I have cognitive issues. Cognition refers to a whole range of different intellectual processes our brains undertake to perform tasks and keep us functional. An easy way to understand cognition is to think of it in terms of memory and thinking.
Cognitive Dysfunction is one of the more scary symptoms of Multiple Sclerosis. It used to be thought that cognitive dysfunction was a relatively rare symptom of the disease but it is now understood to be quite a common feature. There is no single description which fully encompasses the term, 'cognitive dysfunction'. It really applies to a whole range of problems and issues associated with, and related to, intellectual functioning.
Memory Dysfunction is the most commonly reported cognitive dysfunction in MS and occurs in 20 to 44% of people with MS. The type of memory problem most often reported is in recalling recently learned material. Free recall is the ability to get to a memory instantly - MS rarely seems to affect a person's ability to get items into the memory banks - just our ability to get it out "right now". What also does not appear to be compromised very often is a person's ability to understand and learn new concepts nor the speed at which they do so.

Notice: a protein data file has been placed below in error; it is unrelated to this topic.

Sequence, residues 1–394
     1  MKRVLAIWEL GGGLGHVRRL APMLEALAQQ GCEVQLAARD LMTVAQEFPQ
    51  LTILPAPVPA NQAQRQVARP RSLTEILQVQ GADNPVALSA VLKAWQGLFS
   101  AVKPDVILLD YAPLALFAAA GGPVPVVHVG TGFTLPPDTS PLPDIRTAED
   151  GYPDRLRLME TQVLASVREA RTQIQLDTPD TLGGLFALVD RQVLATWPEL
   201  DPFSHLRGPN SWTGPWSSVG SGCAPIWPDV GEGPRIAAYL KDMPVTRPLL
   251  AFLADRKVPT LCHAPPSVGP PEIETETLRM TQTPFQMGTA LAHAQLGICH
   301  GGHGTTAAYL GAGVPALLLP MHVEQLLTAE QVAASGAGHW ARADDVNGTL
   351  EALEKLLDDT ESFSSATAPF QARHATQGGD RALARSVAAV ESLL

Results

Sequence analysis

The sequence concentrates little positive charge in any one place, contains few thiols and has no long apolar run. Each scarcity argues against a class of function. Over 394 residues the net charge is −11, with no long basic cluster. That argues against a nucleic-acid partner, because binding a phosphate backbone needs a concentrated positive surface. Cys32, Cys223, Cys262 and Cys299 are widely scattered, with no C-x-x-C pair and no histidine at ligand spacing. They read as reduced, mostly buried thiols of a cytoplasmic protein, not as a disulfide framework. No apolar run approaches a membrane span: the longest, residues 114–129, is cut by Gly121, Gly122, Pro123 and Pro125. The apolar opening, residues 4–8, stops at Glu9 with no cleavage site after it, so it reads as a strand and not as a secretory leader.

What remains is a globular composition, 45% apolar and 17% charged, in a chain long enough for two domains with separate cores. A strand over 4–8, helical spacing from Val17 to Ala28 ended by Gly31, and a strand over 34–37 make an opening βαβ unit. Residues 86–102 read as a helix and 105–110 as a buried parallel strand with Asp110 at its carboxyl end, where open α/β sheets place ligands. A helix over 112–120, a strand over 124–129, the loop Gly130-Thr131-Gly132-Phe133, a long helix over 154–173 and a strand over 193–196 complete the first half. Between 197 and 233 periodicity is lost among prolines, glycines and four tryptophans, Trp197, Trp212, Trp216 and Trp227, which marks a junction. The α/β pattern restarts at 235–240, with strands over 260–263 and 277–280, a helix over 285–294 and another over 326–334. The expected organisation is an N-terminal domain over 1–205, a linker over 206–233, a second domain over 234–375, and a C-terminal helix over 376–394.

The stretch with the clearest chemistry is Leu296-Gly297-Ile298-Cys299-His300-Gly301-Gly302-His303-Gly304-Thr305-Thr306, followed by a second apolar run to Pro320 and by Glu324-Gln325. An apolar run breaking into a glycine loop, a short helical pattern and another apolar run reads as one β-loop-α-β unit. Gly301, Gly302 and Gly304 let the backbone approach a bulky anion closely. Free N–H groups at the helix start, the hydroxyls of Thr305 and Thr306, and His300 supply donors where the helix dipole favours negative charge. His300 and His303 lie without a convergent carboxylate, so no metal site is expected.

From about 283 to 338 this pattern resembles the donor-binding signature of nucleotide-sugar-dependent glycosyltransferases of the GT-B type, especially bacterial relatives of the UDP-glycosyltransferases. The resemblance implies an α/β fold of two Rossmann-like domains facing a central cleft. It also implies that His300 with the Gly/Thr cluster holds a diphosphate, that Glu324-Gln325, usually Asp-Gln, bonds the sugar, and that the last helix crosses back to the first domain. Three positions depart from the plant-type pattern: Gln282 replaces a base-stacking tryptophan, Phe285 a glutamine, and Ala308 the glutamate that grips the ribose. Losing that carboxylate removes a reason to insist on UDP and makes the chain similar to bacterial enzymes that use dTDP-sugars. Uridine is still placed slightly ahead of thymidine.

Verbal fluency is affected in some people with MS whereas verbal comprehension appears undamaged. Verbal fluency deficits usually take the form of slowed free recall of words that describe concepts and less often words that name objects.
Cognitive Fatigue. On average, people with MS tire more quickly during psychological tests and often start off matching control subjects but their performance trails off as the test progresses.
Impaired Planning Skills. One study reported that 40% of people with MS are less able to plan things than healthy people.So, if your MS friend looks at you one day with a blank stare like they don’t know you, they may not…….or at least not your name!